OTTAWA, Ont. – Covid-19 has taken a heavy toll on the Canadian trucking industry, and the future doesn’t look rosy either, according to a Trucking HR Canada employer survey released Wednesday.
Eighty-four employers participated in the poll, conducted by the Conference Board of Canada during May 22-31.
It showed that 64 of the surveyed employers (76%) had laid off workers due to Covid-19.
“A total of 2,140 workers were laid off, or 8.2% of our sample workforce (26,150). Truck drivers accounted for over 70% of the layoffs, or 1,530 workers,” the report said.
“Essentially, what we have been able to show is that there has been a significant impact because of Covid-19 within the industry, again probably of no surprise to most people,” said Craig Faucette, director of policy and programs at Trucking HR.
Canada has shed 3 million jobs since February, or 15.6% of total employment.
Truck driver layoffs were more prevalent in the shorthaul segment, with 10.8% of drivers laid off, compared with 8.0% of longhaul drivers, the study found.
The survey also suggested that more trucking layoffs are on the way.
“Over one third of employers (36%) expect that their company will lay off additional workers over the next three to six months due to the economic consequences of the pandemic,” it said.
“So, unfortunately, not all that layoffs seem to have taken place so far,” said Faucette.
The study said employers who have already laid off workers due to the pandemic are more likely to lay off additional workers, at 43% versus 16% of employers who have yet to lay off staff.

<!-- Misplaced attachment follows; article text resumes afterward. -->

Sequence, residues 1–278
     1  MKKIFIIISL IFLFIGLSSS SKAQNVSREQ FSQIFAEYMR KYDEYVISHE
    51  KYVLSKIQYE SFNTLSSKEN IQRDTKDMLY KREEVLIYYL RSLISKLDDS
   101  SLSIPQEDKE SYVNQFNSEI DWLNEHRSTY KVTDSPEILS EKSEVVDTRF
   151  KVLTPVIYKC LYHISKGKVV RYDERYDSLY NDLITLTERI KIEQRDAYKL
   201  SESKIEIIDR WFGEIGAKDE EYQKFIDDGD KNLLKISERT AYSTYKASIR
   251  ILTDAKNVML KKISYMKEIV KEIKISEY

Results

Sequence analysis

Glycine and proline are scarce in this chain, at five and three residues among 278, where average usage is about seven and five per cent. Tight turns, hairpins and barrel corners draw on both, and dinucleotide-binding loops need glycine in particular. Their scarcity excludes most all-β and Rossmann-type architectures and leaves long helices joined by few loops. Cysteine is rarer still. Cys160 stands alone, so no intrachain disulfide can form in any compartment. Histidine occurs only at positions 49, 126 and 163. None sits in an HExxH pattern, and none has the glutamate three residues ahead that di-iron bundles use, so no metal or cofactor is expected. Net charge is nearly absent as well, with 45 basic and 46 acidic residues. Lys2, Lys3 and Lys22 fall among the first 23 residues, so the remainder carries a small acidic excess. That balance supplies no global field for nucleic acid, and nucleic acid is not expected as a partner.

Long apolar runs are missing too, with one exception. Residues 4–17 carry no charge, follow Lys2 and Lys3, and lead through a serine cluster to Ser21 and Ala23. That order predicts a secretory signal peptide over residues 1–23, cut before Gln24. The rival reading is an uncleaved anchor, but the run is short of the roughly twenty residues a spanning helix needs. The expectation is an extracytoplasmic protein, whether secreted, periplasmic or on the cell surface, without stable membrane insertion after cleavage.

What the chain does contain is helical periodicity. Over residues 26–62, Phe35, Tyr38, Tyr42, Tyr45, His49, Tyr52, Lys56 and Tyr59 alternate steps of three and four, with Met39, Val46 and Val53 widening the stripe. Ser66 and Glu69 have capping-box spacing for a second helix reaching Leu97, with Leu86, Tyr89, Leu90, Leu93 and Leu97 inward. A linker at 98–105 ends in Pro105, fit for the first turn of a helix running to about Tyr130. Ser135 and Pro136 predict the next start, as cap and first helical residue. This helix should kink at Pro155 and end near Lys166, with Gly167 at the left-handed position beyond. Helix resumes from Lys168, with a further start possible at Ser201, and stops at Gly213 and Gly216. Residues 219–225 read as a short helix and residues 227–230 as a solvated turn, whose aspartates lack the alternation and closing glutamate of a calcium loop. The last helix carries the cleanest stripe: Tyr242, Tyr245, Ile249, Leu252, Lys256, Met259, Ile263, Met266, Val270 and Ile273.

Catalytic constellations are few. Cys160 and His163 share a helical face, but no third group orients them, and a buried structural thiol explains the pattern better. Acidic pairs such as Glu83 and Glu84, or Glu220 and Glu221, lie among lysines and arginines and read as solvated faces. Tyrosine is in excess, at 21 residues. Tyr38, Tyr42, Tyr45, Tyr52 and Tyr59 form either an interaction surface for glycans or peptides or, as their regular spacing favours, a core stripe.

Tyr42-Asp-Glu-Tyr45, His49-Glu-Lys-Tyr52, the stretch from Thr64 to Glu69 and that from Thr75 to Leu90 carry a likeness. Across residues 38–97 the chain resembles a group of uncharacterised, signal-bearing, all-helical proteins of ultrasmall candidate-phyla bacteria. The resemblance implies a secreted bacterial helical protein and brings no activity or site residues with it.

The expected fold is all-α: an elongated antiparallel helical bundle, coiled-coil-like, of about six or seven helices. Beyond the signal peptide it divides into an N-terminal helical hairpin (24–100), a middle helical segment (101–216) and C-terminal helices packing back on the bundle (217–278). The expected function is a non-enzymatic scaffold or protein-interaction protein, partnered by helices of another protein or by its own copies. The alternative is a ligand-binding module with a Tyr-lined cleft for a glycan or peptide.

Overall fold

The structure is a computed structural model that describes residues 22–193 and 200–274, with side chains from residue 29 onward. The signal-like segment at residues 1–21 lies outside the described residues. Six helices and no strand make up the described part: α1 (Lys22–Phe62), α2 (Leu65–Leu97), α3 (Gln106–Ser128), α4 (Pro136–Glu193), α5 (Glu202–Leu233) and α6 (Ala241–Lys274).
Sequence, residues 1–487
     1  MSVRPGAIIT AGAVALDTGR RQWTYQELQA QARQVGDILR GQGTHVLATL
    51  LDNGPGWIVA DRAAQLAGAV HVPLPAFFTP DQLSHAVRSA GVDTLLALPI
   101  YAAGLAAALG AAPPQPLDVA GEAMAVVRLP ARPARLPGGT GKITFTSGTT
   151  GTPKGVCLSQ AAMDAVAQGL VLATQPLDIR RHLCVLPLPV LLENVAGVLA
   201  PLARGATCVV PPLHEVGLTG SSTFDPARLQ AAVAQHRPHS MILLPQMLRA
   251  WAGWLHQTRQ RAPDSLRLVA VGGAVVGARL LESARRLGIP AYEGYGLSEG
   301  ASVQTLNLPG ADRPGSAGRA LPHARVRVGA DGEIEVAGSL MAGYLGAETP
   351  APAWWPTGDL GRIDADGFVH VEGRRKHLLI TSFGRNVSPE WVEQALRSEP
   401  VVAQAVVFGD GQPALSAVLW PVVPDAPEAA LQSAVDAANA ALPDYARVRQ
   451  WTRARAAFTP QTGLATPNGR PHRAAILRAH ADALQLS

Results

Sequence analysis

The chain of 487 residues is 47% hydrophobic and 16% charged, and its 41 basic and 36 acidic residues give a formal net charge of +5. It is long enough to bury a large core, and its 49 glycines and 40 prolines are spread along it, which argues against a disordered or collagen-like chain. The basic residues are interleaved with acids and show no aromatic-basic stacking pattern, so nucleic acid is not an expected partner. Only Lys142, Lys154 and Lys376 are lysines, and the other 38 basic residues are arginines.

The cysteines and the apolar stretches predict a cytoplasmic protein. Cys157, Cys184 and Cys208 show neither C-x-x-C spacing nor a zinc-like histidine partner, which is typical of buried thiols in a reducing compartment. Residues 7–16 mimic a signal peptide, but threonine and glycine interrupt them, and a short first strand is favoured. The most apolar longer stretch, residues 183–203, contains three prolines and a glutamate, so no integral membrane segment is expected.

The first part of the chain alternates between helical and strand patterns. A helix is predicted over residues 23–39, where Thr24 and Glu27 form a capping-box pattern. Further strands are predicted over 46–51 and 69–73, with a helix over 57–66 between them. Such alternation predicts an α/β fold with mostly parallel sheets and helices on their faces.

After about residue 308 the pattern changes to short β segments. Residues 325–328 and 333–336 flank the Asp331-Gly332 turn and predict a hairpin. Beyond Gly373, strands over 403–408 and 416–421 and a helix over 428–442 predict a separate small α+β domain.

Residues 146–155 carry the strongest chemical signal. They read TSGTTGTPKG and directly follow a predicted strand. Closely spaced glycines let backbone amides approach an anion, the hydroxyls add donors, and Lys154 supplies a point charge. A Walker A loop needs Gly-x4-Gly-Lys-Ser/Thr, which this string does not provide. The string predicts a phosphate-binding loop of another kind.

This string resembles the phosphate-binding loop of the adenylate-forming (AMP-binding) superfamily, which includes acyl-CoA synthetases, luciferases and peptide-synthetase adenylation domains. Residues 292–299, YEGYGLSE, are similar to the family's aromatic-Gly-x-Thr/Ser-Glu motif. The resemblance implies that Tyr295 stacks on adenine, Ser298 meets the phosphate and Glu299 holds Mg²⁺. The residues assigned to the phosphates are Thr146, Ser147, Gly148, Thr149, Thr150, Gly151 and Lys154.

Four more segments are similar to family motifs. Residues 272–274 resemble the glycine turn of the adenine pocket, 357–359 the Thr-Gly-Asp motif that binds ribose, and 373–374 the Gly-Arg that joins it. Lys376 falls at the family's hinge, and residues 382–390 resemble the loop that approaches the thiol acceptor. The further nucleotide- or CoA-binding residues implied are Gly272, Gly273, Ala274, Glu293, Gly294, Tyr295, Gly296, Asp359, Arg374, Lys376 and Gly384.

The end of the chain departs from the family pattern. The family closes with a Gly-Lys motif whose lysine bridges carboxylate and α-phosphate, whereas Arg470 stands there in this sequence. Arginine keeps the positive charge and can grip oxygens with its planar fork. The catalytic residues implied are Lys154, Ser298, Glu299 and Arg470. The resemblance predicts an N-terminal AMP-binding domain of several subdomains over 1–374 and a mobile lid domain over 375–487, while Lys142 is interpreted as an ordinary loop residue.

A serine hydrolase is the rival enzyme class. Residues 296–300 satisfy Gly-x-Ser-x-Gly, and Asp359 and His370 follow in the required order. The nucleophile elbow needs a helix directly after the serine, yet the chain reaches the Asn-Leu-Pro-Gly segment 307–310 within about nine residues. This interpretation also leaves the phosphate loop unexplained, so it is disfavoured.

The most challenging HR-related task for employers has been ensuring adequate health and safety measures for workers, particularly truck drivers, the survey said.
- Companies transporting non-essential goods laid off 10.0% of their combined workforce, or 1,300 workers.
- By comparison, companies transporting essential goods laid off 5.5% of their workforce, or 600 workers.
- Companies transporting goods for the manufacturing sector reported the steepest employment decline, with 17% of their workers laid off (including 4% terminated).
- Over two in five employers (42%) have applied for the Canada Emergency Wage Subsidy (CEWS). Another 24% of employers are considering doing so.
- The most implemented measure for truck drivers was a reduction in working hours, with three in five employers (60%) implementing this measure.
Trucking HR also asked employers whether the pandemic has helped change the stigma around trucking.
The results were mixed.
It said on the one hand, employers were divided in their opinion of the attractiveness of the trucking and logistics sector with respect to prospective truck drivers.
“On the other hand, 29% of employers believe that Covid-19 has made trucking and logistics somewhat or much more attractive to other prospective employees (excluding truck drivers).”
The poll is the first in a series focused on assessing labor market impacts of the pandemic, Trucking HR said.
“As we work to support employers in responding and rebounding from Covid-19, this labor market intelligence will inform relevant approaches” said CEO Angela Splinter.
CTA seeks more support
The Canadian Trucking Alliance (CTA) said the study confirms the immediate need to expand labor support programs to involve more trucking companies.
The alliance noted that it had been urging the federal government to consider targeted relief measures to support the industry.
“The trucking industry has received extraordinary support during the Covid-19 crisis,” said Jonathan Blackham, CTA’s director of policy and public affairs.
“But it also faces unique and rapidly escalating challenges which require tailored solutions to protect the stability of the supply chain as we eventually move toward an economic recovery period.”
- This story has been updated with more comments from Trucking HR and reaction from the CTA.
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